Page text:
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ISSUE no. 16 - FALL 2014

In this issue of AE, a ship races toward love; it's hard to make friends; and we witness a fight to the death.

Meanwhile, Helen Michaud reviews the book that started the CC revolution; Gregg Chamberlain talks to Robert Thirsk; J.J.S. Boyce reviews an anthology of political scifi.

Automatic Sky

Stephen S. Power

The ansible drops the call. Hub smacks it. It’s an older model, which he bought from this guy he met, and hitting it sometimes works. Not this time.

The Good Girl

Jennifer Campbell-Hicks

Her whole life, she had wanted to feel wind on her skin and grass between her toes, to smell unfiltered air and blow on a dandelion puff, and that particular day had called to her like no other.

The Winnipeg Kid

Ken Gerber and Brian Hirt

I’m the meatgrinder, the widowmaker, the last-person-you-ever-look-at. I’m the Winnipeg Kid, and they only let me fight the expendable ones anymore.

Disrupting the Publishing Industry, Magic Kingdom-Style

Helen Michaud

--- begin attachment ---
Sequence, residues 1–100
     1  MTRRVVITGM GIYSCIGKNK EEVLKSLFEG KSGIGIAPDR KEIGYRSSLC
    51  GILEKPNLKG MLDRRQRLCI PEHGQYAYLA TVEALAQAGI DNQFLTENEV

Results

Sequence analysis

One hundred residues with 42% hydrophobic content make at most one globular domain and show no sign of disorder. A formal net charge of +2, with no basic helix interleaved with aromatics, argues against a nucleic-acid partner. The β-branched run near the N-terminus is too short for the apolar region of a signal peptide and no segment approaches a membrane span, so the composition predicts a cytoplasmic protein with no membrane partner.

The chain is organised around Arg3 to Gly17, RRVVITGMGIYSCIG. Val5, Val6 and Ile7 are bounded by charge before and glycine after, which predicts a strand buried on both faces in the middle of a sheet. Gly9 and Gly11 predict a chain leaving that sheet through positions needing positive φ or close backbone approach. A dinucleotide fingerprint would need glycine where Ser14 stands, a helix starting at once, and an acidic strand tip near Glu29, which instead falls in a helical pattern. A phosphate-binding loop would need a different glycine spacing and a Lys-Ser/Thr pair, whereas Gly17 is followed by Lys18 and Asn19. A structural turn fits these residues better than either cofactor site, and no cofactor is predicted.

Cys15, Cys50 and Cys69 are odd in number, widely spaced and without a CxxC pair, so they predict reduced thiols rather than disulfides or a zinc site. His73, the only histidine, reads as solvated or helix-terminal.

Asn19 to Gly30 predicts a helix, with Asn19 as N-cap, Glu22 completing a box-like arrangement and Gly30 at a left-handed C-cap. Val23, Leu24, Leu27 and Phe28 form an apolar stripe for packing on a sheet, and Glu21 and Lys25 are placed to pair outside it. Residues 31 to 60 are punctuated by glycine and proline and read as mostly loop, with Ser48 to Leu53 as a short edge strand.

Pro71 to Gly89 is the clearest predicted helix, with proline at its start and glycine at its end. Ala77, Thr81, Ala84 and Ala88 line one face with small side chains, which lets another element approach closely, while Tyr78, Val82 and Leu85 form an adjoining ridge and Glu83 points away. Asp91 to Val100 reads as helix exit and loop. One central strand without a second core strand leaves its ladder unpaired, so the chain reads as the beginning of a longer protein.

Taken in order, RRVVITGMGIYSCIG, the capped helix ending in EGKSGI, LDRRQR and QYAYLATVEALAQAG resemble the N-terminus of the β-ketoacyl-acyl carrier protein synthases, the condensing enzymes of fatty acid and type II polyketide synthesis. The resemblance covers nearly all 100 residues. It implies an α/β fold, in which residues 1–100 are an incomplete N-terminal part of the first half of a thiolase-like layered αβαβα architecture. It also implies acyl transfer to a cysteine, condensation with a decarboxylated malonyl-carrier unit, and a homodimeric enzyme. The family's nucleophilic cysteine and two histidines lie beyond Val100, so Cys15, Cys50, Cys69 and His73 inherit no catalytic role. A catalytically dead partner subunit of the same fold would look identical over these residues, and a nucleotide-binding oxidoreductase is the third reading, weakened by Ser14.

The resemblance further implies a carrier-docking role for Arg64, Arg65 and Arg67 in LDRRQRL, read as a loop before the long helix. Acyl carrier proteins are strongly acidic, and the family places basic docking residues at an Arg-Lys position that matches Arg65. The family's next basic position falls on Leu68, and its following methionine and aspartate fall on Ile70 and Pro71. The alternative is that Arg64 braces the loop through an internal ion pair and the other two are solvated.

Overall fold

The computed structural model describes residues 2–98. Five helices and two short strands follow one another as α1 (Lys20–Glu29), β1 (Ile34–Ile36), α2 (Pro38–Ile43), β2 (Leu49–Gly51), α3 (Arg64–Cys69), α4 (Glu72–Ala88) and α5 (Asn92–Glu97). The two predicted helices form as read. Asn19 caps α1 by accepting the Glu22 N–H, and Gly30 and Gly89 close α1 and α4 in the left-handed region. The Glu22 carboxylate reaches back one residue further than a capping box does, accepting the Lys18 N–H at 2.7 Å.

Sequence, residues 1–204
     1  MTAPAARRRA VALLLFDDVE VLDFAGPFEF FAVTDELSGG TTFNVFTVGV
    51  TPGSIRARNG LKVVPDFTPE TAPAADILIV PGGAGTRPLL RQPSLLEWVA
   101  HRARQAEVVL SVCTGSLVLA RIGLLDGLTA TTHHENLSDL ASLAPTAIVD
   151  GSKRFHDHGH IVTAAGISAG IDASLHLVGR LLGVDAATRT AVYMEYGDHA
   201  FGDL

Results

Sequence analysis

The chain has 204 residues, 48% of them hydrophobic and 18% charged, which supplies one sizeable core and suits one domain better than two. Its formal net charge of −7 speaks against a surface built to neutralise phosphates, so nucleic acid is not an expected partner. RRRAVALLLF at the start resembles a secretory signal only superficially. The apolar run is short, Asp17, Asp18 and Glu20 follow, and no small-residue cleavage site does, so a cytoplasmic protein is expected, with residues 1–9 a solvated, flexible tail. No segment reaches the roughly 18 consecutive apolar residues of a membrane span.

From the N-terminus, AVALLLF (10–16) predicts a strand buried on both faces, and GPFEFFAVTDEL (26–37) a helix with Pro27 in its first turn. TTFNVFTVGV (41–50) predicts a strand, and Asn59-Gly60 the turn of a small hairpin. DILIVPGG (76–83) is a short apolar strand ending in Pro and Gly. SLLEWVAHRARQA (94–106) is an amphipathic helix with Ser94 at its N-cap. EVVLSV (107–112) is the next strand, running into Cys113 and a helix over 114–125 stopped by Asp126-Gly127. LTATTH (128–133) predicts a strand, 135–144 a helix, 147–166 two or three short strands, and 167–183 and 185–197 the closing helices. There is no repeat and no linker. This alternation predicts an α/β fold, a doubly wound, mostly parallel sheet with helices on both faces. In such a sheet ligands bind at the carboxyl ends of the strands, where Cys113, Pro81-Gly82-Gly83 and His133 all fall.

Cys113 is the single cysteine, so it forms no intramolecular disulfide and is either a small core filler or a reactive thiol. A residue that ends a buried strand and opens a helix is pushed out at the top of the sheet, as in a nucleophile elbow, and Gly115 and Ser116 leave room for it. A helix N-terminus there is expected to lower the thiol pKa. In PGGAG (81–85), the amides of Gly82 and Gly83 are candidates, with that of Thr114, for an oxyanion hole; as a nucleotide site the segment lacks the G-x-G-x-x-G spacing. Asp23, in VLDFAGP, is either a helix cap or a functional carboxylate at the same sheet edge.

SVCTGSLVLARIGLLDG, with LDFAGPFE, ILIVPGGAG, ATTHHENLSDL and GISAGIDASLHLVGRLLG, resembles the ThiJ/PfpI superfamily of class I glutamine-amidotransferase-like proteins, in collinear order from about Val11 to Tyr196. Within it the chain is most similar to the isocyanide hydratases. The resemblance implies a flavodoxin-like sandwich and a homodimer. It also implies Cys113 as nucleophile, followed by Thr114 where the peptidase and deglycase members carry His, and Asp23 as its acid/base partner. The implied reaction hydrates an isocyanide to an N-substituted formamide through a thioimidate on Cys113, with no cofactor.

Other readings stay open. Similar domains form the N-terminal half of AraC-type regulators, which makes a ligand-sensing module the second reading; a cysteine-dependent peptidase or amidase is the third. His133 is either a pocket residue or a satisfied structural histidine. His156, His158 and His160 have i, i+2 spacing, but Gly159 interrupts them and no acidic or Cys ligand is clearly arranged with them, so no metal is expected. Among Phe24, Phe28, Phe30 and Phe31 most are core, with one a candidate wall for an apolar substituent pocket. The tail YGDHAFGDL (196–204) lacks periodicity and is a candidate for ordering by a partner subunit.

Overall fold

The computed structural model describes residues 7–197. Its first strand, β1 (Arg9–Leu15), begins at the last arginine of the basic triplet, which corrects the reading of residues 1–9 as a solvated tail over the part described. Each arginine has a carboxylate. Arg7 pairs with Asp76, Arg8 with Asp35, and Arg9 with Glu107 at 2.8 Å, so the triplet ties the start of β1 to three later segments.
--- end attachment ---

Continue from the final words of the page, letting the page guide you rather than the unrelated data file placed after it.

Down and Out in the Magic Kingdom is the kind of first novel any aspiring writer would be proud of. Doctorow’s first sentence exudes confidence; he draws the reader into his vision of the future by running down a rapid-fire checklist of its attributes like so many bullet points. He wastes no time in revealing the broad arc of the story he’s about to tell, and throughout the book he manages a delicate balance of teasing new ideas with one hand and fleshing them out with the other.

Robert Thirsk Treasures Outer Space Adventures

Gregg Chamberlain

Robert Brent Thirsk has been in orbit twice now representing Canada on the International Space Station, and he treasures his memories of the rare privilege of seeing Earth in all its glory from space.

The scientist-astronaut now has another special keepsake memory: a visit to Rideau Hall in Ottawa to meet with Canada’s Governor General Daniel Johnston for his induction as an Officer of the Order of Canada.


J.J.S. Boyce

You can stop reading the news, but you can’t escape politics. Certainly, Aristotle didn’t think so (in his opus, Politics), nor would, I expect, any poli-sci professor you’re likely to meet. And neither does Hayden Trenholm, the editor and publisher of this anthology, who acknowledges those who “[don’t] believe they hold strong political views” only to wryly counter that “acceptance of the status quo ... is as strong a political stance as anything more overt and polemical in nature.”



AE thanks SF Canada





ISSN: 1925-3141